Traveling With Kids: How to Survive Road Trips
It seems every season there's a reason for a road trip. Vacation, visiting friends and family, or just checking out the latest amusement will send families packing up the old Wally Wagon and hitting the highway. Here are a few ideas to make this year's adventures more pleasant and less adventurous!
By far the potty is the most important aspect of a decent car trip. Make sure you know where you're going. Major highways in most states offer fairly clean rest stops, but there are stretches of Oklahoma I can tell you - you do not want to stop.
Plan for all contingencies. Yes, this means you tuck a roll of tissue into your box of goodies in case you need to make a roadside stop. Bring the potty chair for small children. You can pull over anywhere and set the child to business. If you have a particular aversion to stopping, you may want to bring a big coffee container. I know it sounds awful, but you know your family best. Don't take chances. In a pinch, boys can go in a plastic water bottle.
Bring plenty of hand sanitizer!
Great Road Trip Snacks
- Cheese & crackers
- Raw vegetables
- Granola bars
- Candy (a few!)
- Cold drinks
Food is the other major area you want to pay attention to for a great car trip. Bring plenty of snacks instead of relying on roadside junk. It's much easier on your budget to bring sandwiches than to stop for fast food.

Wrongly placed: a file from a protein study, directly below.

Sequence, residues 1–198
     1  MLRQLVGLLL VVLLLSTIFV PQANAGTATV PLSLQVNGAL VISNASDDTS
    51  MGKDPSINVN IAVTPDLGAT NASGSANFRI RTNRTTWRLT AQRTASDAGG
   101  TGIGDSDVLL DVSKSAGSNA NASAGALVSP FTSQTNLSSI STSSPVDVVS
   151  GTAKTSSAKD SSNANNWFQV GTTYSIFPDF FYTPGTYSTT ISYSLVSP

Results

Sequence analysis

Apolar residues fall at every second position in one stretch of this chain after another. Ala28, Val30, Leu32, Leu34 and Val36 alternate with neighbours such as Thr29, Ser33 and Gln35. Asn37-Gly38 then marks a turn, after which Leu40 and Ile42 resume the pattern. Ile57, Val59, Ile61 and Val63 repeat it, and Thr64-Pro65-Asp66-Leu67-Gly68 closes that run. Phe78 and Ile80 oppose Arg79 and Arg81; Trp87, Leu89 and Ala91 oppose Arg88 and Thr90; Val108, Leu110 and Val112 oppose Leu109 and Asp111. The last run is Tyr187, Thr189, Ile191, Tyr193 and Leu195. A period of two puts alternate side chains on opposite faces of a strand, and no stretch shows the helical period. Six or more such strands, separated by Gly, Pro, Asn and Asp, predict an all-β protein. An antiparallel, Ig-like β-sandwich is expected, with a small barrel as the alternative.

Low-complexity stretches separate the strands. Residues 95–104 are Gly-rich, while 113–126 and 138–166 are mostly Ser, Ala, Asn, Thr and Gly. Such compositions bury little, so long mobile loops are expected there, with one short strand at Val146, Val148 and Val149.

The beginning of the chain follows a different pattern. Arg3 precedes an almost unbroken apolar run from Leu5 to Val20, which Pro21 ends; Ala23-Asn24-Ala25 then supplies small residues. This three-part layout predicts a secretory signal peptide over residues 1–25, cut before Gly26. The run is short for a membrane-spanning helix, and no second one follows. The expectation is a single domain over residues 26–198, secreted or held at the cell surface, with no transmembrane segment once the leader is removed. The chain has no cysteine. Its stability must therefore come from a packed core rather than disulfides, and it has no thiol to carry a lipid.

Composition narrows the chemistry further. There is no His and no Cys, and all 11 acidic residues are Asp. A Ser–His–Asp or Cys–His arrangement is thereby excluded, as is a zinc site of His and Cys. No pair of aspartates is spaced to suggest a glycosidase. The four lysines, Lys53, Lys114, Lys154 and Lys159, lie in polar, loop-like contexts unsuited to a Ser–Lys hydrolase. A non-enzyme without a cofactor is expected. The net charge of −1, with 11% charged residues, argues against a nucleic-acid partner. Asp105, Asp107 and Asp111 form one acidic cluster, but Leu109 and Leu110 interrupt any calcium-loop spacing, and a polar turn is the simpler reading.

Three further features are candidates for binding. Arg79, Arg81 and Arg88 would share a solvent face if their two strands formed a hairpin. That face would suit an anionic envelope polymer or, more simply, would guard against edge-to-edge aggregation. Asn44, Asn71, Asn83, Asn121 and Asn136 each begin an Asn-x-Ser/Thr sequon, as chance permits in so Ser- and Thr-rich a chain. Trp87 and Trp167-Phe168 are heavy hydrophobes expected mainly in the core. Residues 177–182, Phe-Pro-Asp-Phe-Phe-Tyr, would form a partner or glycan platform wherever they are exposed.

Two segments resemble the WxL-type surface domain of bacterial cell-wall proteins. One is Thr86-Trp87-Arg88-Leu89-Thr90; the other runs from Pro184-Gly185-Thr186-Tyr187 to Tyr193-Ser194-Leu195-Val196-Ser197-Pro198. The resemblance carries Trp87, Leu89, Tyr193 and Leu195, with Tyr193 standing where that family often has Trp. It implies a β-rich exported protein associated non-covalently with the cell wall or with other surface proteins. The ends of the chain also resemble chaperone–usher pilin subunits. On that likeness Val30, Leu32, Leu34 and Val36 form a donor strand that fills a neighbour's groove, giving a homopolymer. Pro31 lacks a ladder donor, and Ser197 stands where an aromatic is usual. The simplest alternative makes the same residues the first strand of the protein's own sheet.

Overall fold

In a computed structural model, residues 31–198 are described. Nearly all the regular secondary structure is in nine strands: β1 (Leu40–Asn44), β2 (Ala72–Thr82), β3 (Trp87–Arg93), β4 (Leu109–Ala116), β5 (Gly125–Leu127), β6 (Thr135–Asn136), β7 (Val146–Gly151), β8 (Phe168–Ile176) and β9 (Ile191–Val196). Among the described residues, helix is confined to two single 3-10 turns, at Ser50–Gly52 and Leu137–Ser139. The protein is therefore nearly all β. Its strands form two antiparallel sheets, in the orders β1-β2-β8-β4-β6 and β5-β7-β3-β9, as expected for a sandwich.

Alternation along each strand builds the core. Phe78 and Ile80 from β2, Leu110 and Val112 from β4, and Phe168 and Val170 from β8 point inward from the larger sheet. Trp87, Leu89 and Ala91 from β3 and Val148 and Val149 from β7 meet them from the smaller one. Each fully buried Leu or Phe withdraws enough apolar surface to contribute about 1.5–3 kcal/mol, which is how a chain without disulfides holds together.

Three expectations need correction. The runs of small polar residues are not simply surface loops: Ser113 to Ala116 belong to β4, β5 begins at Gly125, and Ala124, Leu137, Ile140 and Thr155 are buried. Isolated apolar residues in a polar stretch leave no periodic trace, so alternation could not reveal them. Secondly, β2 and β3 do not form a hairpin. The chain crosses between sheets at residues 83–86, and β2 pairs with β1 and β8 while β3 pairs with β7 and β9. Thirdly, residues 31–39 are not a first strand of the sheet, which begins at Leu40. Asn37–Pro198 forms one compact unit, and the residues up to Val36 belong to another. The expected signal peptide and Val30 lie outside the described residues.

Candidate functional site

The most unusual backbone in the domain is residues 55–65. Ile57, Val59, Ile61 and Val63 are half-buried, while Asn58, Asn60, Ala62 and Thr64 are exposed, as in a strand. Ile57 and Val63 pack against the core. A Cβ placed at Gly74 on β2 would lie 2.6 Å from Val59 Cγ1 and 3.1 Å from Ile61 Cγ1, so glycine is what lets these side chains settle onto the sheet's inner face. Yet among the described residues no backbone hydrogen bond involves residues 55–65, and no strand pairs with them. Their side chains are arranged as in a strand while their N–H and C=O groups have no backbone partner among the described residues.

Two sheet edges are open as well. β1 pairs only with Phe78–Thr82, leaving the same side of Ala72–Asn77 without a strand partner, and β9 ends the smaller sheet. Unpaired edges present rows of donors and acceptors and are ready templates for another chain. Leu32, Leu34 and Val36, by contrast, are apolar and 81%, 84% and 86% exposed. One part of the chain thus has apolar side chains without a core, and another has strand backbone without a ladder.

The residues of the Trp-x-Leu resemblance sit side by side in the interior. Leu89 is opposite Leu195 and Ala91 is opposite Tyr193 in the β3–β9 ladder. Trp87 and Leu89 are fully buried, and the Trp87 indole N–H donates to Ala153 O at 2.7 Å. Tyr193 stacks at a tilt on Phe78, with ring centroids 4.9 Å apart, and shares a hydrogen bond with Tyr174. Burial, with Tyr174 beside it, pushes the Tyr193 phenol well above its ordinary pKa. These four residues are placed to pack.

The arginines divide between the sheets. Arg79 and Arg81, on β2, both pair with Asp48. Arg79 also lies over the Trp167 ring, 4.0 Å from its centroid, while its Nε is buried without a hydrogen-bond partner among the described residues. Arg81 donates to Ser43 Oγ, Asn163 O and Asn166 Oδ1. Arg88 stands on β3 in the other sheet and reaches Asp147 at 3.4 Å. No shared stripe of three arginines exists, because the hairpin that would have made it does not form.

You think the golden arches are pretty cheap until you try feeding a family of four. I've come away wondering why I didn't just stop at a real restaurant. But of course, it's because when you're road trippin', you don't want to spare the time to spend an hour in some less-than-lovely-diner or even a nice and clean chain.
Snacks in the car save you time and money, but they also make you feel so much better. It's amazing how different you'll feel after eight hours in the car when you've been snacking on cheese and fruit versus that same duration spent munching down double cheeseburgers.
Awesome Road Trip Entertainment
- Personal electronics (don't forget the headphones and batteries!)
- A metal baking sheet to use as a surface and tray for small-parts toys
- Magnetic letters to spell on the baking sheet
- Activity books and stickers
- Journal - encourage your child to record the road trip experience
One simple way to break things up is to stop every couple of hours. If you share driving duties this is a good time to switch. Even if one person drives the entire trip, two hours is a good target to shoot for. Nothing (except potties!) can't wait for two hours.
Let each child pack a small bag or backpack with toys of their choice. You might suggest books, crayons, games, etc. Make sure they don't forget the favorite stuffed animal if they've got one. A pillow is great too if you've got the room.
Books on tape are wonderful, especially when read in a lovely English accent. You can usually find these for free at your local library. While you're there, pick up some movies if you have DVD players. If you haven't broken down and bought the Mack Daddy Minivan with all the bells and whistles, remember that most laptops these days will play movies and the personal models have come way down in price.
With just a little planning, you can create a wonderful family memory - or at least save a few bucks on airfare!
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